Building owners, including those of commercial premises, must act now to avoid breaking new laws and comply with the Minimum Energy Efficiency Standards (MEES).
Building Owners Must Act Now to Comply with MEES
From 1st April 2018, it will be illegal for landlords to grant new leases to new or existing tenants for properties in England and Wales that do not meet the Government’s MEES – part of the Private Rental Sector Energy Efficiency Regulations 2015.
It will be the landlord’s responsibility to ensure that the property has an Energy Performance Certificate (EPC) rating of E or above. However, it is estimated that up to 20% of all non-domestic properties in England and Wales could have an F or G rating.
In most cases, it will be illegal to let a property without an EPC, or with a rating of F or G.
Energy performance assessment specialist Elmhurst Energy is encouraging building owners to act now by commissioning an up-to-date EPC that will not only identify the current rating – which may have changed over time – but will also recommend opportunities for improvement.
The Managing Director of Elmhurst Energy, Martyn Reed, explains: “Owners of commercial buildings are running out of time to make improvements to their building, as it will take time to implement energy saving improvements.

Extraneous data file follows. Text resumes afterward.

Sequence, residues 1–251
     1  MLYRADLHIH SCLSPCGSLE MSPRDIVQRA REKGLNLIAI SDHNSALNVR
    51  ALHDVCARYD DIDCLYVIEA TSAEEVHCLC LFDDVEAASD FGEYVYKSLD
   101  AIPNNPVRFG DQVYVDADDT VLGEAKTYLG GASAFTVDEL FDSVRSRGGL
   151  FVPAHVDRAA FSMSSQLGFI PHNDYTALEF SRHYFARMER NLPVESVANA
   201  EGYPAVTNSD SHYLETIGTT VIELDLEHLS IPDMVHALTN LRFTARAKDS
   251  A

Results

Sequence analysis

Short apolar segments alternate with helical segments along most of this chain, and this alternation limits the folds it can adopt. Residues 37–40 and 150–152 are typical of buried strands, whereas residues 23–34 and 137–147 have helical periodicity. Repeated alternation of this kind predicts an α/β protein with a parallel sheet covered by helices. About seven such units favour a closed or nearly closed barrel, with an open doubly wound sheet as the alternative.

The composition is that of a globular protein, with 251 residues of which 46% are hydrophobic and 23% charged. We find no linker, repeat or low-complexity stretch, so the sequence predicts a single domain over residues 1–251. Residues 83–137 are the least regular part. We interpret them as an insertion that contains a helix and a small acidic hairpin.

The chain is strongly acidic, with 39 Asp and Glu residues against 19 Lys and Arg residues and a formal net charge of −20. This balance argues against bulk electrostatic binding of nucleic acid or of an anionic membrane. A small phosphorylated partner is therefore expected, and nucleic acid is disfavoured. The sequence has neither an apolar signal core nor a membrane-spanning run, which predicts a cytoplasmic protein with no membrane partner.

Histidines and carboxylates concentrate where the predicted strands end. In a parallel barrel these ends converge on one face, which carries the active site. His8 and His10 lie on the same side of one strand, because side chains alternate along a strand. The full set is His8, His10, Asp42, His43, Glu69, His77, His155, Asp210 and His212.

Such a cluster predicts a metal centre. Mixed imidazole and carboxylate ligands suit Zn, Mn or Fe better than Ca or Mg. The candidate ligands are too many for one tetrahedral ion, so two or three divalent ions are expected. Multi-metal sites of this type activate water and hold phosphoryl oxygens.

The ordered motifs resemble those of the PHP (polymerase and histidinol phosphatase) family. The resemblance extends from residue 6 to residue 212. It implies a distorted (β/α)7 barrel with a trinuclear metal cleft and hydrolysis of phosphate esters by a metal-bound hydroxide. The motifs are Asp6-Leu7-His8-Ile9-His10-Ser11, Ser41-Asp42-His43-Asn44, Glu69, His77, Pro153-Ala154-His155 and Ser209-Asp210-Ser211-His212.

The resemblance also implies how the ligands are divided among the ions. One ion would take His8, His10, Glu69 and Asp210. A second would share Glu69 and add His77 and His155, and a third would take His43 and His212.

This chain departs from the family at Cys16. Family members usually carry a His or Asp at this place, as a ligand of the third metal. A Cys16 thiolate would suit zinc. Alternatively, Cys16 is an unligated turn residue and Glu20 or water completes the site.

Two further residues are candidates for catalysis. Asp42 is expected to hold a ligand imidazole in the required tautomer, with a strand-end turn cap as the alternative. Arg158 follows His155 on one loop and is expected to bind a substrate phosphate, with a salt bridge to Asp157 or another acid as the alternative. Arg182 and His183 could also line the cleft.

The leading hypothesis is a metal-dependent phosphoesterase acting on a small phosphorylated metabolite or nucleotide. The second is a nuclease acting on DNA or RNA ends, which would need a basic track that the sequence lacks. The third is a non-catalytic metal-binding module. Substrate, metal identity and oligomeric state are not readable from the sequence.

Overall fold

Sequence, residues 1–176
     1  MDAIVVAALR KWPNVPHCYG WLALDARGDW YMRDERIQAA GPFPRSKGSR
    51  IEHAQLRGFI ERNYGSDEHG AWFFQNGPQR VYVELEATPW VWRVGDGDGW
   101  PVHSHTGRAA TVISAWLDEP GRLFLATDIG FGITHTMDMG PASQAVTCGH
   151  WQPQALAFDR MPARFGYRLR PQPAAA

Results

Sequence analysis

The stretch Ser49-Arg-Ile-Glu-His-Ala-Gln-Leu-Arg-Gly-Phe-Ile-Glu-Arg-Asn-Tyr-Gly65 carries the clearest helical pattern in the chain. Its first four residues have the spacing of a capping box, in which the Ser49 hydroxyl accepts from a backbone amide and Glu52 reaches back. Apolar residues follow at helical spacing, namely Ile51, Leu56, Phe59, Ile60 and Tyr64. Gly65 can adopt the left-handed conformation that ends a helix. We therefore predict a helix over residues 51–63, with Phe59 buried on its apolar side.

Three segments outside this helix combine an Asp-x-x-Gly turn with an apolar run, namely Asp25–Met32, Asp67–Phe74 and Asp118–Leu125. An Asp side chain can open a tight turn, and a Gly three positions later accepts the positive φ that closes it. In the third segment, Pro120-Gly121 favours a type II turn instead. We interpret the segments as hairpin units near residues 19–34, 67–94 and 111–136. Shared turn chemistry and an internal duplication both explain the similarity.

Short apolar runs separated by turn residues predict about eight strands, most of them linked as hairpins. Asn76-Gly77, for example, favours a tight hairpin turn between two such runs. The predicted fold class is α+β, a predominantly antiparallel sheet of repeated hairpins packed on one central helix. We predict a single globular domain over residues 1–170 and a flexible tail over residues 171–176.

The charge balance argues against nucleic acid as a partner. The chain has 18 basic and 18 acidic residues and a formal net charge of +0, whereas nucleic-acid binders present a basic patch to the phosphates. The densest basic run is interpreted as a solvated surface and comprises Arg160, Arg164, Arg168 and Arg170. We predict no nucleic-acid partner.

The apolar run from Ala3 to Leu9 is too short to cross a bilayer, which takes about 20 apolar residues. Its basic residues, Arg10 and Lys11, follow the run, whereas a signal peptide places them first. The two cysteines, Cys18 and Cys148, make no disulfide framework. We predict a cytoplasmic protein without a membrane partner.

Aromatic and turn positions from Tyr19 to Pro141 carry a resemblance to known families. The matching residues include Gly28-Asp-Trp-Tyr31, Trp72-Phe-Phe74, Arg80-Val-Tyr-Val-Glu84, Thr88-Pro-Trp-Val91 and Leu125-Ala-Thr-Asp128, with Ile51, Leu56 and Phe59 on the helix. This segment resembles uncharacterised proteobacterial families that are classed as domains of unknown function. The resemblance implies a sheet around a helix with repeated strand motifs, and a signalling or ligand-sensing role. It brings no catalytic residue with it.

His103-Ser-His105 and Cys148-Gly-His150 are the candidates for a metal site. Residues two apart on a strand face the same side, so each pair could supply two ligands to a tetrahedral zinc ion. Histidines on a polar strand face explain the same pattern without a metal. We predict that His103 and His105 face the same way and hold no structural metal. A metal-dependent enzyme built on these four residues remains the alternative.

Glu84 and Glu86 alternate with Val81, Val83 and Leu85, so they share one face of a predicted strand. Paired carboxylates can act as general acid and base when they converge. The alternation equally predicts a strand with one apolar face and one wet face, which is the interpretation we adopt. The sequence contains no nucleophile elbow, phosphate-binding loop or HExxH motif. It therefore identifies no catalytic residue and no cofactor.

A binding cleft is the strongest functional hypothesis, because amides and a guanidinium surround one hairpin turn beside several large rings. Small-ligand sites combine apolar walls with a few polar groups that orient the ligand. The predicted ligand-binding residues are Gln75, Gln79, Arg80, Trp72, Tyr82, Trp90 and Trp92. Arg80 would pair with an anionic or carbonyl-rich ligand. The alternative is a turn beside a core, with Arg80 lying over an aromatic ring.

“It is vitally important that facilities and energy managers assess the energy efficiency of their non-domestic properties by commissioning an energy assessment to establish the current rating and to identify what measures must be implemented between now and April 2018.”
There are some exemptions, for example, if the property does not require an EPC under current regulations, if the landlord can demonstrate that they have implemented all cost effective energy improvements, or the required improvement will devalue the property. However, landlords should not see exemptions as a loophole.
All building owners must also be aware that from April 2020, it will be illegal to let a property with an EPC rating below E, even when the lease is already in place. Elmhurst Energy also expects the regulations to be raised to prohibit rental of properties rated D or E from 2030.
What measures are you taking to comply with the MEES?